Jessie is a 5 year old beautiful Mastiff cross Great Dane who has sadly had a tough life. She is a large dog who sadly appealed to the wrong kind of person who saw her as a ‘status’ dog and a way of making money. Kept in a lock-up shed behind a community centre, Jessie was bred from but not given proper after care – abused and neglected she didn’t know what love or care was like.
Her owner was sent to prison (for unrelated offences) but he made no arrangements to have Jessie looked after. Neighbours alerted the police and dog warden after hearing pitiful howling and crying coming from the shed, who broke in and rescued her. The sight was sad to see – a large beautiful dog that was painfully thin and just so grateful to see human company. She was taken to a rescue centre where she received emergency vet treatment for a vaginal infection probably caused by lack of care after she had a litter of puppies. She had cigarette burns on her legs and ears, her nose had been slashed and by the way she reacted to raised hands she had obviously suffered badly at the hands of her owner. Her eyes were the saddest I have ever seen, I just cannot imagine what she had seen and been though.
Jessie when she arrived with us as a foster dog. She had already put on weight at the rescue centre, but was still painfully thin.
My mum originally fostered her, but as soon as I saw her eyes I knew I couldn’t bear to part with her. I have a lot of health problems, including fibromyalgia which causes me chronic muscle and joint pain, M.E, diabetes, depression and anxiety problems. Six years ago I was at rock bottom and was pulled out of a severe depression by my spaniel, Henry, and he has helped me a lot over the years. However since my Dad died two years ago Henry has attached himself to mum and I had been feeling very lonely again. I soon as I met Jessie I knew that loneliness was nothing compared to what she had suffered. The depression had begun sucking me back into a dark and dangerous place but I pulled myself out of it as I knew I had to help this poor dog who had suffered at the hands of man.
When she first arrived in our home, she had shut down and was very withdrawn, but gradually her health improved and her true personality began to show. She had to put on over 10kg as she was very underweight, and she was treated for infections and cuts and burns. Put the most important treatment we gave her was love.
We have now had Jessie for almost two years and I have never known such a loving, loyal and trusting dog. Despite everything she has been through, she loves and trusts everyone. When I am in pain (which is most of the time), Jessie instinctively knows it and won’t leave my side. She cuddles up next to me and won’t leave me. If I am upset or crying, she licks away my tears. My spaniel has always been able to tell me when my diabetic sugar levels drop, and Jessie seems to have copied him. She can now alert me if it drops to a dangerous level – a wonderful achievement I think. When I am out on my mobility scooter, she trots proudly by my side. If I am getting anxious, she knows how to calm me down to prevent a panic attack. Jessie sleeps on my bed and is there for me 24/7.
For years my mobility has been poor and I’ve had to use a scooter or walking frame. However over the last few months my pain levels and mobility have worsened and I am now at the stage where I am confined to my wheelchair most of the time, even indoors. I have found this incredibly hard to deal with, but Jessie has really helped me and has kept me going. She is gentle and doesn’t pull me, and has even leaned into me to steady me when I’ve stumbled.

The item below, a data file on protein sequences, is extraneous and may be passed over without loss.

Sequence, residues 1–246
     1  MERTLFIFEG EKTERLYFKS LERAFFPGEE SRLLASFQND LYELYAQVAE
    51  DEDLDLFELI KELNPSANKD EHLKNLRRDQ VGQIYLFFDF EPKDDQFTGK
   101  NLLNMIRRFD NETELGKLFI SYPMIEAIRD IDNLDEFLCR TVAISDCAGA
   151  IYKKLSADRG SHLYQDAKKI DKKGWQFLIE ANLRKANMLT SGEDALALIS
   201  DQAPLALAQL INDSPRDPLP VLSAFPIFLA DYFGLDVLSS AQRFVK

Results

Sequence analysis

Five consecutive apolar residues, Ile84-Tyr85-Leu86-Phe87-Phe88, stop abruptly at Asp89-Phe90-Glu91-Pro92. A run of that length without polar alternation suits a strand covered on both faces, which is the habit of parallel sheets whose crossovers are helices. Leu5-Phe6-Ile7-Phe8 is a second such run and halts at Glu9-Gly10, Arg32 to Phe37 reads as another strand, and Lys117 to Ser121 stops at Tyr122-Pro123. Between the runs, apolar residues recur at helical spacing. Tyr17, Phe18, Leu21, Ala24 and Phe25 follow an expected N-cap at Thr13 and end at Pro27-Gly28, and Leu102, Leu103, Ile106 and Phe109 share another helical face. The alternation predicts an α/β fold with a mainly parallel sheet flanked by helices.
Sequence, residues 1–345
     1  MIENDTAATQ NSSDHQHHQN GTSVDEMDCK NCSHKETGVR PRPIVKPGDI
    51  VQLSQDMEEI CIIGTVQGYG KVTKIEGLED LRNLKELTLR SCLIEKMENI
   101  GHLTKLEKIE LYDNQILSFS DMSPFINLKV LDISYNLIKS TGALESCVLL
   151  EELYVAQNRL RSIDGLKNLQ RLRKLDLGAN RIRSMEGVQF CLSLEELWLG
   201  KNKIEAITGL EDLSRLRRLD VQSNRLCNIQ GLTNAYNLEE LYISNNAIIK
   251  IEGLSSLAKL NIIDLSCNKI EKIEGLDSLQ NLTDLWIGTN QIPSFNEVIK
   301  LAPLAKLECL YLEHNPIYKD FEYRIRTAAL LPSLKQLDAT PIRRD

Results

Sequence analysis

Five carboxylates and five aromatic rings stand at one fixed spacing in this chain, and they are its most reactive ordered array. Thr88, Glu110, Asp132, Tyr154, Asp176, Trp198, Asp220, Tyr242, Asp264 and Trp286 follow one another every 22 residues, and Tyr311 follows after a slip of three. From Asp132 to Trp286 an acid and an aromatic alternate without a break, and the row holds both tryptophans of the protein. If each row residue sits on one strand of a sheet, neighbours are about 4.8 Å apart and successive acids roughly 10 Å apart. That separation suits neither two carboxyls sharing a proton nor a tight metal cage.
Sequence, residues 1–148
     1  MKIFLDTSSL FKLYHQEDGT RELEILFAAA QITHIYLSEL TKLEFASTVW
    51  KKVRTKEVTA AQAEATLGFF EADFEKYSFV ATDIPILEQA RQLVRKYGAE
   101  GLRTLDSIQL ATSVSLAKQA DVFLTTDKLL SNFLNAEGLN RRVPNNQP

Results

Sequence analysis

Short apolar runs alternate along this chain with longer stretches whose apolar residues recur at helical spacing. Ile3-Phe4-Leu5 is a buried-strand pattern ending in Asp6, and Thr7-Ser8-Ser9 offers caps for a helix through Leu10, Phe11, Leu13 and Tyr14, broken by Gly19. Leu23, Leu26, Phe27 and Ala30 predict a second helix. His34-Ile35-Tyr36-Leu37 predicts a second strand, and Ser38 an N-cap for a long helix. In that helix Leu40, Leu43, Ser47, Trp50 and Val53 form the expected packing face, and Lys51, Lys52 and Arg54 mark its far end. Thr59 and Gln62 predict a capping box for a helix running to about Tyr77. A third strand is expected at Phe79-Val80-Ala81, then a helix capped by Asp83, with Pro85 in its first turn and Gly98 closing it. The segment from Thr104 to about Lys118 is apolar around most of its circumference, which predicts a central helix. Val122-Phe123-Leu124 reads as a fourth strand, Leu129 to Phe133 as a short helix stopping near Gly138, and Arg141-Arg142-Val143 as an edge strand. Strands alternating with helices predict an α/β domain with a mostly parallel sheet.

For everything she has been through she is an amazingly kind, trusting and well-adjusted dog. She is happy in any environment – be it a busy dog show, bustling pub or a busy town centre.
I was very proud of Jessie in March 2014 as she made it to Crufts! She was a finalist in the Friends for Life competition and appeared live on Channel 4. She behaved amazingly well in such a busy environment, and I hope she showed a few people that rescue dogs like her make great pets.
Being interviewed by Clare Balding live on Channel 4!
She also acts as ‘ears’ for my other dog Henry who has gone deaf – she tells him very important things like when a packet of treats is being rustled! If Henry is asleep and we want to wake him up, we ask Jessie if she wants some ham or a biscuit. She then gets up and nudges Henry. He sees that she is excited and they both get up to have their treat. When mum comes home from work, she wakes Henry up and they both go to the door together. He relies on her a lot and is much more confident when he has Jessie with him.
Jessie is a true ambassador for large rescue dogs. Some people are initially frightened of her due to her size and the image people have of dogs like her as ‘status’ dogs, but after just a few seconds in her company they realise she is a big softy who is gentle and loving with everyone she meets, young and old. We put bright, fun bandanas on her to try and soften her appearance – she gets many admiring glances and smiles when she is trotting next to me on my mobility scooter. When I look at the photos I took of her when she first arrived as a walking skeleton, I hardly recognise my beautiful girl, and it brings tears to my eyes. Jessie truly is a special rescue dog who has overcome unbearable cruelty in her life and makes my life brighter - I am so proud of her.